Steny Hoyer did what many of his colleagues refuse to do — meet his constituents in person. According to reports from Politico and Jimmy Bise, Hoyer also holds his constituents to a higher standard than his Democratic colleagues use for themselves. An exasperated Hoyer told ObamaCare opponents to “read the bill,” apparently without the staff and two lawyers Rep. John Dingell (D-MI) requires:
House Majority Leader Steny Hoyer’s town hall meeting in suburban Maryland Tuesday evening dissolved into chaos, with attendees at several points bringing the event to a complete halt. …
Hoyer reacted to the barbs calmly, explaining how proposals were being discussed and trying to assuage his constituents of their concerns.
But Hoyer at times seemed exasperated.
“Let me just say this,” Hoyer said. “Read the bill.”
“We have!” a few people yelled back.
Hoyer is scolding the wrong people. He should be scolding elected officials whose job it is to read bills before voting on them … like Conyers, who scoffed at the notion:
Democratic Rep. Paul Hodes (NH-02) believes reading every bill in Congress “would slow down the business of Congress to a crawl and it would be hard to get done what needs to be done.”
Members of Congress who don’t read the bills they are voting on “is not necessarily the major problem with the way Congress functions,” he said. …
“Hodes said it’s not realistic to expect members of Congress to read every bill word-for-word, as Congress took more than 2,000 votes in the session that ended in December,” the paper reports.
This year, Hodes voted in support of President Barack Obama’s stimulus package and for so-called cap-and-trade legislation. Both measures were finalized late in the legislative process and rushed to a vote before any individual member could read the bills.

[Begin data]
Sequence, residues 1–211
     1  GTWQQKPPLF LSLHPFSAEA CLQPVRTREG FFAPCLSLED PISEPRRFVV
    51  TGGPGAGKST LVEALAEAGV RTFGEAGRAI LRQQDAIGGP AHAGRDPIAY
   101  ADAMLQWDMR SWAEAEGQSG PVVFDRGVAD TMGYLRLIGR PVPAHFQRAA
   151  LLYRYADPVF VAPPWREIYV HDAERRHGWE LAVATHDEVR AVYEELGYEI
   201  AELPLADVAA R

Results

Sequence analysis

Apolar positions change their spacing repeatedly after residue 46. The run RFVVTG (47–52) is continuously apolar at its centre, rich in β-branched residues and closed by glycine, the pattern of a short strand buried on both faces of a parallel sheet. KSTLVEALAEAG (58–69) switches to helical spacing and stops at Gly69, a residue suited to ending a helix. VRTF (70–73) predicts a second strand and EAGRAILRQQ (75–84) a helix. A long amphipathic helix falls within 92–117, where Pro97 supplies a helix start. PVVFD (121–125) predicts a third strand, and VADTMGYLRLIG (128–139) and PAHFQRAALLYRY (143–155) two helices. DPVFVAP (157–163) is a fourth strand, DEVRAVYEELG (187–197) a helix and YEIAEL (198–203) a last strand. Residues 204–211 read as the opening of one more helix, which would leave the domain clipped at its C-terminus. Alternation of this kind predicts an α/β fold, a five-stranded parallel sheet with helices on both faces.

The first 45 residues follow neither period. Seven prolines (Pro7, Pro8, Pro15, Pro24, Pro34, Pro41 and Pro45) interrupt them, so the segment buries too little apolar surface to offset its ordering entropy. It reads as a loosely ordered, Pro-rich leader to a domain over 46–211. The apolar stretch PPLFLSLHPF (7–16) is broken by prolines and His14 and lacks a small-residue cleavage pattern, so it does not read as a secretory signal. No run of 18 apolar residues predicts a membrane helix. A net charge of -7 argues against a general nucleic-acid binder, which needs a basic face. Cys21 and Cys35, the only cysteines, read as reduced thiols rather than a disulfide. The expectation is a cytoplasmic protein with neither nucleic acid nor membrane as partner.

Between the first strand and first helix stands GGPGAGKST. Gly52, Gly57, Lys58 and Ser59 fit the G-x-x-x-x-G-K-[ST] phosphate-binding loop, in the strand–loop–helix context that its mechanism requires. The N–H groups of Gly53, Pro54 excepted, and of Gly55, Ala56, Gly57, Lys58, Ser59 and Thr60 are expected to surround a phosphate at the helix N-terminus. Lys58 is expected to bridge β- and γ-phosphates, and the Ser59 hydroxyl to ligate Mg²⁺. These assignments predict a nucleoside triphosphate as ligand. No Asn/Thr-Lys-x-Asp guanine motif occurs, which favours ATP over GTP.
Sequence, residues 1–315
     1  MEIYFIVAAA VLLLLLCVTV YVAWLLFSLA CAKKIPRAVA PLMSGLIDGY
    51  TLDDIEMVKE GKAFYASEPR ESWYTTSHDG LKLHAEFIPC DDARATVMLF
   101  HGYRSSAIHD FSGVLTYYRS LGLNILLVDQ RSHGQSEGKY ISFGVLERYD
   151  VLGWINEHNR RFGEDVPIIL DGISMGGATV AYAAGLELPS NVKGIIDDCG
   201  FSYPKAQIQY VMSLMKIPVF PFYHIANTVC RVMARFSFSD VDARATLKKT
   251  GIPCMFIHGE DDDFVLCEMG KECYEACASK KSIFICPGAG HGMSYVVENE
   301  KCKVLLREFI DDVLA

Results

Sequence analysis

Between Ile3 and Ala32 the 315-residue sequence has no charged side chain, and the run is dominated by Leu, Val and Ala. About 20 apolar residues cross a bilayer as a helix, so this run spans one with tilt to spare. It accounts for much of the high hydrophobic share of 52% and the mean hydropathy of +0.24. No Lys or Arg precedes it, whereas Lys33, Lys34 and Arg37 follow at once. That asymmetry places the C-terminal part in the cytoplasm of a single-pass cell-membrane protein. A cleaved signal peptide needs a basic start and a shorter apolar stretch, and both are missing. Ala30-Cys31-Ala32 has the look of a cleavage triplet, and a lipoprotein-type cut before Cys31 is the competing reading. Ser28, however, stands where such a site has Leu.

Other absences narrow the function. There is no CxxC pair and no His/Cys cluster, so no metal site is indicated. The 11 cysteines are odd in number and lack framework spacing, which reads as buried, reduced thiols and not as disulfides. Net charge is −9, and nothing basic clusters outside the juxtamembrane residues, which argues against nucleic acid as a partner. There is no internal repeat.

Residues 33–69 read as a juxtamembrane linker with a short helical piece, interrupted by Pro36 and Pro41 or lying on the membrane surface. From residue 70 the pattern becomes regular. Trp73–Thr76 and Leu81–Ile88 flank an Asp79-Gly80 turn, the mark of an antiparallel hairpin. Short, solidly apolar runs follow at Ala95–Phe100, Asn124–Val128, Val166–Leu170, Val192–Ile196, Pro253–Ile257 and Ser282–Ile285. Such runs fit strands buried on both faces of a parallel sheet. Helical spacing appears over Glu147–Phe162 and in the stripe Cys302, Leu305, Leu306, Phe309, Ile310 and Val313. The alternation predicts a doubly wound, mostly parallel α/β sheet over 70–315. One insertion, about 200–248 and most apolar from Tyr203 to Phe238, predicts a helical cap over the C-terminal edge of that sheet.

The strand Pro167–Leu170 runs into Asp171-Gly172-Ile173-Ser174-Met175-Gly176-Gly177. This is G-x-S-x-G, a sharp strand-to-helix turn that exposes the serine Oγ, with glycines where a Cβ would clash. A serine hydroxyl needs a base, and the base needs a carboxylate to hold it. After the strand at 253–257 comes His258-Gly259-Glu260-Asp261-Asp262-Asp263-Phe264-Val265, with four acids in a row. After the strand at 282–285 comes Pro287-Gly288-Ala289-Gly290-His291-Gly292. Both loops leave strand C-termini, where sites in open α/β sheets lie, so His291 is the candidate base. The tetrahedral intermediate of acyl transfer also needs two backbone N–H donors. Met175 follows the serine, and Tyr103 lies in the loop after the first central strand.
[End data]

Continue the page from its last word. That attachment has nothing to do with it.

Reading bills is for the hoi polloi, not for the ruling class!
Hoyer also tried insisting that the bill would not cover illegal aliens. Maybe Hoyer should start reading legislative analysis from the Congressional Research Service. They have a much different take:
In its subsection on health insurance subsidies (known as “affordability credits”), HR 3200 does state, “Nothing in this subtitle shall allow Federal payments for affordability credits on behalf of individuals who are not lawfully present in the United States.” That would seem to solve the problem, but it’s more rhetoric than reality. The bill contains no verification requirement or enforcement process for citizenship or legal residency, as exists for other federal benefit programs. The only verification required for the subsidies pertains to family income. Beyond that, as the CRS report notes, everything is left in the hands of the Health Choices Commissioner.
House Democrats defeated all attempts in committee to add an enforcement mechanism that would require proof of citizenship or legal residency for those getting subsidies.
Hoyer could tell his constituents to read the CRS analysis themselves — except that Congress keeps those confidential.
Be sure to read Jimmy’s post to get the flavor of the event, and see Jimmy’s pictures of the prologue.